Union Budget 2010 – Nothing but a mirage for tax payer

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The Union Budget 2010 surprised many as they expected it to be a harsh one. There were lot of benefits announced which are supposed to be aimed at increasing the consumer spending so as to revive the sagging GDP growth rate.

The inflation which had dipped to sub zero levels has again gone up to higher levels due to the stimulus exercise taken by the government few months back. Any monetary measure to curb inflation would affect the domestic demand. Therefore it seems that the government wanted to give more money in the hands of people so that they can spend more even at increased price levels. Let us see if the tax proposals in the budget will really help the government to achieve its goal.

Personal Income Tax Proposals

One of the highlights is the raise in exemption limit in personal income tax and also changes in income slabs. Exemption limit in personal income tax raised by Rs.15,000 from Rs.2.25 lakhs to Rs.2.40 lakhs for senior citizens; by Rs.10,000 from Rs.1.80 lakhs to Rs.1.90 lakhs for women tax payers; and by Rs.10,000 from Rs.1.50 lakhs to Rs.1.60 lakhs for all other categories of individual taxpayers. This means that a man who has a taxable income of less than Rs.13,333 per month or a woman who has a monthly taxable income less than 15, 833 or a senior citizen having a monthly taxable income of Rs.20,000 or less need not pay any tax.

The taxable income slabs are also raised. Now the taxable income beyond the exemption limit as mentioned above, up to Rs.5 lakhs will be taxed at 10% and 20% tax for taxable income between Rs.5 lakhs and Rs.8 lakhs and 30% tax for taxable income above Rs.8 lakhs.

When we talk about taxable income, it is arrived at after deducting the eligible deductions under various sections like Sec 10, 80C, 80D etc. In this regard, over and above the tax free savings limit of Rs.1 lakh under section 80c, additional tax free savings limit for Rs.20,000 towards investment in infrastructure bonds is proposed.

Cutting through the ice…

Though there is definite tax savings for all those who are paying taxes now, the analysis of various taxable income levels give varied picture regarding net cash outflow which is important in family budgeting.  Be it a man or woman, you stand to have more cash in hand along with maximum tax savings only if your current annual taxable income is more than Rs.4,64,200. In case your annual taxable income is less than Rs.4,64,200, you will have more cash in hand only if you choose not to buy infrastructure bonds for additional tax savings. The tables given below shows the tax savings for different taxable income levels based on the budget proposals.

 

All figures in Rs. – For a Man

 

 

 

 

 

Current Taxable Income

180,000

300,000

464,200

600,000

900,000

Current Income Tax

3,090

15,450

49,275

87,550

180,250

Monthly TDS

258

1,288

4,106

7,296

15,021

 

 

 

 

 

 

Additional Savings towards Infra. Bonds

20,000

20,000

20,000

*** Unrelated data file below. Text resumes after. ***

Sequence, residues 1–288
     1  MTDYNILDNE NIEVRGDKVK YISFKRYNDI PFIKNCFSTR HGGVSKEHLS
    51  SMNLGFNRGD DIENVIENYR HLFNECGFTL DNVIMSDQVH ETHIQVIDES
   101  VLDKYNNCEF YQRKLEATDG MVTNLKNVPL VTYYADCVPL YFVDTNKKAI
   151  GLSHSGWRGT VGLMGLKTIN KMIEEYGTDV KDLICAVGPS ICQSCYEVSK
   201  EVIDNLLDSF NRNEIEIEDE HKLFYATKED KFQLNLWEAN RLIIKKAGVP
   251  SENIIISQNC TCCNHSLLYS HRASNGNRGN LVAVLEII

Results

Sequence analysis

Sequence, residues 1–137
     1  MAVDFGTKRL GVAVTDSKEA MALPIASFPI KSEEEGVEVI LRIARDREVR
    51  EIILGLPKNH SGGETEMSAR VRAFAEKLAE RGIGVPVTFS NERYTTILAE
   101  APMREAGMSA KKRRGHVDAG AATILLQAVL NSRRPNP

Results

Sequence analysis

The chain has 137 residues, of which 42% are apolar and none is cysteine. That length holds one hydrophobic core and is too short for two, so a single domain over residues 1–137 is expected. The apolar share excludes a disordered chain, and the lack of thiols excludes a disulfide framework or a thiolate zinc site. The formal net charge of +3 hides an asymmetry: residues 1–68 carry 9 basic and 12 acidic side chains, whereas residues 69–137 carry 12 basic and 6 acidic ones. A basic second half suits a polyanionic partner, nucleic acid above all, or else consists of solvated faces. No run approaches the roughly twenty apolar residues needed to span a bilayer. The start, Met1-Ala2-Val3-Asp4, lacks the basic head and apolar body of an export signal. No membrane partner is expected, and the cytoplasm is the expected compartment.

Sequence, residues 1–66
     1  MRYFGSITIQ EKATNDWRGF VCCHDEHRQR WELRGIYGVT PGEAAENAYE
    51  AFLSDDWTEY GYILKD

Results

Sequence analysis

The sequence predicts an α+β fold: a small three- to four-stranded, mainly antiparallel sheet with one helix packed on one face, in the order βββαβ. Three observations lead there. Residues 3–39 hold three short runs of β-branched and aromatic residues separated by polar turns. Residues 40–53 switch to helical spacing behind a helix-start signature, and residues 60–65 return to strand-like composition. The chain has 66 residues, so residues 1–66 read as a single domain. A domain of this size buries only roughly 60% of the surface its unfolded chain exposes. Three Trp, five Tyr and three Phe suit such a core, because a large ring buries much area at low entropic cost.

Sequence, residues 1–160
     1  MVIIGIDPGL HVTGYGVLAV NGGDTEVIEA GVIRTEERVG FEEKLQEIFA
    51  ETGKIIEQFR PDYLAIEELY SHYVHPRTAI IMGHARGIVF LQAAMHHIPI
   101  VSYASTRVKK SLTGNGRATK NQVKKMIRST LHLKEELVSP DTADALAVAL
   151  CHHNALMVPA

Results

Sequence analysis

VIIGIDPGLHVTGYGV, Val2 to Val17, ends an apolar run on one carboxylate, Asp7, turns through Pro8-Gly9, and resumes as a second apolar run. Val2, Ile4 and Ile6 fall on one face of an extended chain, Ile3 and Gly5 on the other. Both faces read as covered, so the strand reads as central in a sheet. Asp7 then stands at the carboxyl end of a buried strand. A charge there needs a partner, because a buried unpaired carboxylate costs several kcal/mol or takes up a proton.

20,000

20,000

Income Tax based on 2010 Budget proposal

12,360

29,273

51,500

121,540

Monthly TDS + Addl Savings

1,667

2,697

4,106

5,958

11,795

Monthly TDS without addl savings

1,030

2,439

4,292

10,128

 

All figures in Rs. – For an Woman

 

 

 

 

 

Current Taxable Income

180,000

300,000

464,200

600,000

900,000

Current Income Tax

12,360

46,185

84,460

177,160

Monthly TDS

1,030

3,849

7,038

14,763

 

 

 

 

 

 

Additional Savings towards Infra. Bonds

20,000

20,000

20,000

20,000

Proposed Income Tax

9,270

26,183

48,410

118,450

Monthly TDS + Addl Savings

2,439

3,849

5,701

11,538

Monthly TDS without addl savings

773

2,182

4,034

9,871

We can find from the above tables that a person with a taxable income of Rs.3 lakhs stands to gain additional cash flow of Rs.258 only every month even if he avoid additional tax free savings in infrastructure bonds. At annual taxable income level of Rs.9 lakhs or more the maximum monthly additional cash flow would be Rs.4,900 which is  very negligible compared to the inflation in the standard of living of those people.

If you consider the increase in petrol and diesel prices and the related increase in prices for all essential goods and services along with these, you will end up with less money in your pocket in the coming financial year than current year for same income levels. The personal income tax proposals though looked to benefit the common man at the hindsight, it is not giving any real benefits when we consider the price increase spiraled by other tax proposals. It is better to start tightening the belt than sit and relax thinking that you will have more money in hand. It was really a harsh budget!

By Sanjeev Kumar G, CFP

About the Author

Sanjeev Kumar G is the Head of Operations & Technology at JRG Securities Ltd. He is a Certified Financial Planner and was earlier the COO of the stock broking division and head of Research & Financial Planning departments at Bajaj Capital Ltd. Sanjeev has more than 18 years of experience in various fields of finance with experience in managing new projects, setting up new business units, strategic planning, designing operational processes, team building, managing multi functional teams and cost management. He can be contacted at [email protected]

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